Colleges and universities often are seen as places to discuss our ideas, debate our differences, and openly engage persons with whom we may not agree. Those debates and disagreements appear sharper and less open to compromise during an election season, particularly an election with as much acrimony as the one currently underway. It is during times like these when it becomes incumbent upon us, as members of the CU Boulder community, to remember the Colorado Creed and how we can choose to live its values.
Created by students in 2004, the Creed embodies how we should engage with one another as students, faculty members, or staff, and as members of a larger and more permanent community. Much in the same way that the pioneers who founded Boulder and helped establish what would become an internationally renowned research university, the students in 2004 saw a need and worked to fulfill it. Since then, many other students have had the responsibility for role modeling the Colorado Creed to future generations of the CU and Boulder communities.
To me, the Creed is not a rule or a mandate, but instead serves as a guidepost for how I try to interact with others. It provides a path by which we all can engage each other respectfully and work to understand other perspectives, ideas, or beliefs. These are not just words written on a wall, but fundamentally important to the success of our university and, ultimately, our society. At the end of the day, we don’t have to agree with each other, but the Creed requests us to act with integrity in all of our interactions, particularly those that require us to acknowledge each other’s differences.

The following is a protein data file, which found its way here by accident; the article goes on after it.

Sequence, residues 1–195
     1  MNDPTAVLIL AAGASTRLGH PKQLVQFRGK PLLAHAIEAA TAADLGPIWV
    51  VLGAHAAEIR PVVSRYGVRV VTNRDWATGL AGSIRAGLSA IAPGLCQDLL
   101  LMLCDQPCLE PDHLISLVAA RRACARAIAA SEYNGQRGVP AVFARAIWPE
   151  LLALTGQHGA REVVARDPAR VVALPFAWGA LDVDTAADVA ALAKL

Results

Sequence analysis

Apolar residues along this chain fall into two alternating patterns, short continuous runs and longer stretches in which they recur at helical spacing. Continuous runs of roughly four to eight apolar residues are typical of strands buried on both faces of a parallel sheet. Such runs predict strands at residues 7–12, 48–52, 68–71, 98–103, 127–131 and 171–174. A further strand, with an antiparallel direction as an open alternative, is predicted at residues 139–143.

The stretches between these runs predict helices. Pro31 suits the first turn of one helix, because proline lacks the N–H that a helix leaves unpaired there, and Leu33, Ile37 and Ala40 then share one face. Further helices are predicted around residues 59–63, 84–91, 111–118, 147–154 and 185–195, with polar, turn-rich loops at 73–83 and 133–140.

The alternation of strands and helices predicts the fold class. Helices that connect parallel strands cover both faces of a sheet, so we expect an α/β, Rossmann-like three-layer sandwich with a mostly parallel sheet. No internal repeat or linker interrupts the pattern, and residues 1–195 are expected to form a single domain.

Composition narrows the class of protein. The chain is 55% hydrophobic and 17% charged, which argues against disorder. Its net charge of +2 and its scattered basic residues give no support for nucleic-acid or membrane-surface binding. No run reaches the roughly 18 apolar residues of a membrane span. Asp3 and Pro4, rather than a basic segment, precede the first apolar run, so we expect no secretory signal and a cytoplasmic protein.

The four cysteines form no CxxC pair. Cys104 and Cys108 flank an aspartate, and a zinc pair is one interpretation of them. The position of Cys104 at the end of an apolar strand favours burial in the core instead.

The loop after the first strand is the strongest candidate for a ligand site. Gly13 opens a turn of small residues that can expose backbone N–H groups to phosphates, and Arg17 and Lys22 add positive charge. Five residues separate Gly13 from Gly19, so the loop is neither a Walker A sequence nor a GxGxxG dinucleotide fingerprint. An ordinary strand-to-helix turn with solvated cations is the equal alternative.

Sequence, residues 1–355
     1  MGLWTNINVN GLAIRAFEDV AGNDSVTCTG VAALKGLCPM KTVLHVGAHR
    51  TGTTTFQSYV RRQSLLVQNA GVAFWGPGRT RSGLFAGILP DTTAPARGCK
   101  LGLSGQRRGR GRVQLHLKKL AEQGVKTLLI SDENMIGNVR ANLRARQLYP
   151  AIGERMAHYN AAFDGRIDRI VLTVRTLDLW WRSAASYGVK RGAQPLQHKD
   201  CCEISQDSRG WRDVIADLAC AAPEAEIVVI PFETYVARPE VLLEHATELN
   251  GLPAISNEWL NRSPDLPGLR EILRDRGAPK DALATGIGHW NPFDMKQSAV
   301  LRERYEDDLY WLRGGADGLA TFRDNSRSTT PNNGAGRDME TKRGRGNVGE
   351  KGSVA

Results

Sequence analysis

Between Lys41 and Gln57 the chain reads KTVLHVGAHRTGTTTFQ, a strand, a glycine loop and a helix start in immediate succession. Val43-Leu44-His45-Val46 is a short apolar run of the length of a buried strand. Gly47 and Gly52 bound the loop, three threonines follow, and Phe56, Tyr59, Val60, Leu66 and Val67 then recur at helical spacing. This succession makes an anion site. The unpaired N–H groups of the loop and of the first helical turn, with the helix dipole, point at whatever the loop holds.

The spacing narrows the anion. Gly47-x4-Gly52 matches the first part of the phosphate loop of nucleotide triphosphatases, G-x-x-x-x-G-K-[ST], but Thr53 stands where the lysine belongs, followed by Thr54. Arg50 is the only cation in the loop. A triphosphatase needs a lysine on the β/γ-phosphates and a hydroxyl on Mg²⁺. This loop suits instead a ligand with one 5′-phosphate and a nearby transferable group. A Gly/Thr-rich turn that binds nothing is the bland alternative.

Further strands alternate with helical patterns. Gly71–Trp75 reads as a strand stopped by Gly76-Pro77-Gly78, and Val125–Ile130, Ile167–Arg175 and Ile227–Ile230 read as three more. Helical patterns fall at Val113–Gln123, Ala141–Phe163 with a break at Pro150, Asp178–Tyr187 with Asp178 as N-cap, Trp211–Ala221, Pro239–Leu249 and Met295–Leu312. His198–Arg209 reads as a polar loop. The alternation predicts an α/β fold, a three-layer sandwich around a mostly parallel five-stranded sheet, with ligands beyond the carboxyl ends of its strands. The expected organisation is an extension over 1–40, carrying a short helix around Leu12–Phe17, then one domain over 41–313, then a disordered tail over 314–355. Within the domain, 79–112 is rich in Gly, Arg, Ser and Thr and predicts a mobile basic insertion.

So as we all walk across campus and see the words of the Creed, let’s take a moment and reflect on how we can best live it. The wisdom in those words should not be left to idyllic times, when there is little debate or dissent within our community. Instead, the Creed should serve as a reminder of how to engage respectfully with each other, acknowledging our differences, and realizing that regardless of how and why we may disagree, we all belong to a common community.
Provost and Executive Vice Chancellor for Academic Affairs
As a member of the Boulder community and the University of Colorado Boulder, I agree to:
- Act with honor, integrity and accountability in my interactions with students, faculty, staff and neighbors.
- Respect the rights of others and accept our differences.
- Contribute to the greater good of this community.
I will strive to uphold these principles in all aspects of my collegiate experience and beyond.